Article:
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Archive by November, 2006

Run DMC’s “Here We Go (Live at the Funhouse),” 12 inch

(Source: DJ Friendly)

Zuly Nation Throw Down, 12 inch

(Source: DJ Friendly)

Loving the Ghost in the Machine: Aesthetics of Interruption by Janne Vanhanen

(Source: CTheory)


[…] I hear no great conceptual divide between various music machines. Whatever means there are available for recording acoustic phenomena or presenting sound, no matter what the source, making sound reproducible and thus variable, all phonographic technologies have the potential to deterritorialize sound and music. Maybe the greatest singular moment in nomadic use (= an act of capturing forces, making a new machinic assemblage of existing machinic formations) of phonographic machinery has been the emergence of hip-hop DJ’ing and the misuse of vinyl records, making a pair of turntables into a nomadic war machine. For a better part of the last century the record remained inactive, a storage capsule of time.


The Turntable by Charles Mudede

(Source: Ctheory.net)

Common talk deserves a walk, the situation’s changed/ everything said from now on has to be rearranged.

— T La Rock

The hiphop DJ is a meta-musician, an author, a programmer, an organizer of recorded fragments and a builder of databases whose talents are uniquely suited to survival and meaningful cultural production in our emerging era of total digital cross-reference.

— David Goldberg

At the dead center of the spiraling galaxy of hiphop culture is the turntable. This is where everything starts: on the grooved surface of a record spinning on the wheels of steel. All truth is here, all meaning — everything that is hiphop…Indeed, an act of pure hiphop devotion might be to let a record play from start to end on a turntable…

— DJ Dusk


American Edit Mash Up

American Edit

(Source: Beatmixed)

Album cover for Green Day Mash up Album by Dean Gray

+ 1 + 1 = 1 The new math of mashups. by SASHA FRERE-JONES

(Source: New Yorker)

Issue of 2005-01-10

Posted 2005-01-03

In July of 2003, Jeremy Brown, a.k.a. DJ Reset, took apart a song. Using digital software, Brown isolated instrumental elements of “Debra,” a song by Beck from his 1999 album “Midnite Vultures.” Brown, who is thirty-three and has studied with Max Roach, adjusted the tempo of “Debra” and added live drums and human beat-box noises that he recorded at his small but tidy house in Long Island City. Then he sifted through countless a-cappella vocals archived on several hard drives. Some a-cappellas are on commercially released singles, specifically intended for d.j. use, while others appear on the Internet, having been leaked by people working in the studio where the song was recorded, or sometimes even by the artist.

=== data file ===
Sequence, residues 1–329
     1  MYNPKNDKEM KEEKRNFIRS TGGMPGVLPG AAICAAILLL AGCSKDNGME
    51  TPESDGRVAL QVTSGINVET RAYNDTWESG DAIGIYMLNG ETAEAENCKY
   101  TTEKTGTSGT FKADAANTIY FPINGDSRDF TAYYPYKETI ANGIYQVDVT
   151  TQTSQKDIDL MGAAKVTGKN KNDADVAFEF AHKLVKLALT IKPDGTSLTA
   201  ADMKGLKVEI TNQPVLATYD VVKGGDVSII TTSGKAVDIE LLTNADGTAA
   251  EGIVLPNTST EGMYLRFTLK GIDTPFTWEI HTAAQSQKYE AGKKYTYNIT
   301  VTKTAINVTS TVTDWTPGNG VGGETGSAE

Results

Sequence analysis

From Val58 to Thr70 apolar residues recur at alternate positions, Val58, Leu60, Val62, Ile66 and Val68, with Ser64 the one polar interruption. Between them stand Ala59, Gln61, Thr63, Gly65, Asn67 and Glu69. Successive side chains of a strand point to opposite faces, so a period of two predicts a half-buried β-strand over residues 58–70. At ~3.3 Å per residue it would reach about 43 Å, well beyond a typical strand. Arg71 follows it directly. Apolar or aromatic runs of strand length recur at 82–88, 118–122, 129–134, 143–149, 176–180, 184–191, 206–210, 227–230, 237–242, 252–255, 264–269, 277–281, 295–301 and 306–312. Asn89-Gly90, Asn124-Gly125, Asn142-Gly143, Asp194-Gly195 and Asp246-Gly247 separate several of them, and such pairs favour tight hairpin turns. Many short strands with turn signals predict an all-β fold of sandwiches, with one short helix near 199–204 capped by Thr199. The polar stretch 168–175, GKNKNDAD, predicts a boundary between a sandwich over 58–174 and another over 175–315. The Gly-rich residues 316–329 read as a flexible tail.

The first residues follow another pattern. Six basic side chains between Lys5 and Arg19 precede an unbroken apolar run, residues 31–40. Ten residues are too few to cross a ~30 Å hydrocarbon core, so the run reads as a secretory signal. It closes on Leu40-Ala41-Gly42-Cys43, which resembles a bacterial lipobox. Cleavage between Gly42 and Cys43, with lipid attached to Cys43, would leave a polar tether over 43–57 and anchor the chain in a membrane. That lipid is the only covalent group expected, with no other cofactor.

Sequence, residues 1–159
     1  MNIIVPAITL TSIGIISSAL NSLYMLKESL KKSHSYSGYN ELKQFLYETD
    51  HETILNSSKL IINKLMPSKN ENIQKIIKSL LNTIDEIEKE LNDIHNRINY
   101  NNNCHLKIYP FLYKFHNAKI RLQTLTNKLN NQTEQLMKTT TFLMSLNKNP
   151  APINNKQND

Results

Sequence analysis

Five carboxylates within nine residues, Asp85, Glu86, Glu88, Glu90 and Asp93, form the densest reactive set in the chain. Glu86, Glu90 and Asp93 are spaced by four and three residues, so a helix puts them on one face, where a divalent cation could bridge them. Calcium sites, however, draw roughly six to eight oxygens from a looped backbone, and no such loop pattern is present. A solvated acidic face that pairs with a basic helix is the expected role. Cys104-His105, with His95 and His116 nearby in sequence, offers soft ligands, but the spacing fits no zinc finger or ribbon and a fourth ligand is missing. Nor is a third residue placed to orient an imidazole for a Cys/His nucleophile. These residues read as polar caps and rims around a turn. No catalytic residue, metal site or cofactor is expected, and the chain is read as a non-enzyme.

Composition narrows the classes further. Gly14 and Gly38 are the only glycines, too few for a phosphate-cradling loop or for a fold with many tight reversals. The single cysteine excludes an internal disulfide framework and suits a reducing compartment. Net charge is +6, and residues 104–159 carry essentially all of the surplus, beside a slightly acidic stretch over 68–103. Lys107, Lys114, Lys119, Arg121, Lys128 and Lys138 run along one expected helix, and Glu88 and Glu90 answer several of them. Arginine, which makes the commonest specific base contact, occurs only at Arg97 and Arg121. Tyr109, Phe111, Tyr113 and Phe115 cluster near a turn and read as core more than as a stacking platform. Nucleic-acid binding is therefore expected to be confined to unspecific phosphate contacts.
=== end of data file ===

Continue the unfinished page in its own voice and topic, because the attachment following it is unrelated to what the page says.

The Mash-Up Revolution By Roberta Cruger

(Source: Salon)
August 9, 2003
Destiny’s Child vs. Nirvana! Britney vs. Chic! The Ramones vs. ABBA! How pop’s hottest DJs are creating those wild bootleg remixes — and why they’re so hard to find.

In the 1993 club hit “Rebel Without a Pause,” Chuck D. raps over Herb Alpert’s chirpy trumpet: “A rebel in his own mind/ Supporter of a rhyme/ Designed to scatter a line/ of suckers who claim I do crime.” That incongruous hybrid of hip-hop and bouncy pop, created by the group Evolution Control Committee, sounds as startling and amusing today as it did a decade ago, and still ripe with meaning.


Black Eyed Peas’ Renegotiation Remixes

Black Eyed Peas’ Renegotiation Remixes

(Source: Music World)

Silver Star’s “Love Shack”

Silver Star’s “Love Shack”

(Source: B-52s DE)

DMC Cuts of B-52’s “Love Shack” and Britney Spears’s “My Prerogative”

DMC Cuts of B-52’s “Love Shack” and Britney Spears’s “My Prerogative”

(Source: B-52’s DE)

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